Norwegian filmmaker will risk prison to protect wild salmon

Share this:

Mikael Frödin

Google Translation of TV2 article on Mikael Frödin’s secret filming at Grieg’s salmon farm:

There is no human who would eat the salmon we took pictures of

Mikael Frödin is concerned that the aquaculture industry eradicates the wild cactus and destroys the ecosystem. If it takes twenty days in prison to shed light on the problem, he exclaims with pleasure.

Mikael Frödin is concerned that the aquaculture industry eradicates the wild cactus and destroys the ecosystem. If it takes twenty days in prison to shed light on the problem, he exclaims with pleasure.

The fishery filmed into Grieg Seafoods fish farms, and does not think there is a man who would eat the salmon he took pictures of. Salmon breeders disagree with the criticism.

In July 2017, Swedish Mikael Frödin was to investigate the conditions for farmed salmon in Grieg Seafood’s fish farm in Altafjorden. He was seriously concerned about how the aquaculture industry affects the wild sea in Norway.

The case was first mentioned by Fiskejournalen.se.

The mats in which farmed salmon is located is protected by section 18 of the Aquaculture Regulations prohibiting traffic closer than 20 meters. The seed tells us that it is impossible to get an insight into the conditions from such a distance.

Take the pledge to never eat farmed salmon

“We had no choice, we had to get closer,” he said.

Grieg Seafood chose to report and Frödin was fined with NOK 10,000.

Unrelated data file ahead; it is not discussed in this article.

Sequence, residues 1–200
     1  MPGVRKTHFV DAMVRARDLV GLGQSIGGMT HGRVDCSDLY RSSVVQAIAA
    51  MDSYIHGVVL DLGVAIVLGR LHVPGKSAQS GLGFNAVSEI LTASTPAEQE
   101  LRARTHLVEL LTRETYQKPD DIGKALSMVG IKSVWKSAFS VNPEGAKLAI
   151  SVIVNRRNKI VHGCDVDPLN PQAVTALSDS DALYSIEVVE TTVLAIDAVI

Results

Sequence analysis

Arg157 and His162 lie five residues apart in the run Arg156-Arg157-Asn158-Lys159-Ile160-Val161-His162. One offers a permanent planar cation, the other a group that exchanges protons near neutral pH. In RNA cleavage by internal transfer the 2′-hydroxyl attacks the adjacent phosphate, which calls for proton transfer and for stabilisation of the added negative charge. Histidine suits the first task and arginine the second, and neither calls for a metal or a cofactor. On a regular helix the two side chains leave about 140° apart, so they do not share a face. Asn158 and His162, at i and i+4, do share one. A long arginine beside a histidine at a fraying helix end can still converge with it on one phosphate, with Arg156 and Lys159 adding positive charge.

– If I had thought this was an incorrect action, I would have paid the boat. I acknowledge the action, but not illegal with it, he says.

Now, Frödin must meet in Alta District Court on November 2nd.

“Can twenty days in prison save the Norwegian villaksen, it’s worth it, for now urgency,” says Frödin.

Mikael Frödin says that he took this picture when he studied farmed salmon in Altafjorden. The stains on the tail are open wounds on the salmon.

Mikael Frödin is a famous sports fisherman and documentary company. He is among other things known from SVT’s award-winning documentary “In Storlaksen’s Kingdom”. The seed has fished in Altaelva for 25 years and when he filmed down in the salmon marshes in Altafjorden, it was in connection with a new documentary film project.

“We did not know what was expecting us, but I knew I had to be my own first hand source to understand how the circumstances actually were,” says Frödin.

He tells him he took a number of precautions before deciding to break the law. They parked the boat outside the boundaries and wore new wet suits to not affect or expose the salmon to contagion.

“The sight that met us in the cage was 70,000 savory salmon. The salmon was deformed, several had open wounds and fungal infection was widespread, says Frödin.

He believes that the pictures document that there is no doubt that the conditions for farmed salmon are bad.

According to Frödin, this is also a picture from when he brought a camera into one of the salmon demers. He believes this salmon is blind, affected by fungal infection and dying. Photo: Private

“There is not a single person who would eat that salmon,” said the documentary maker.

If the cows of a farm had the same deformation, fungal infection and open wounds, Frödin believes that the farm had been notified a long time ago.

“Since the fish farming industry operates under the sea surface, it’s impossible to review the business without getting closer than twenty meters,” he says.
Will save the villak before it’s too late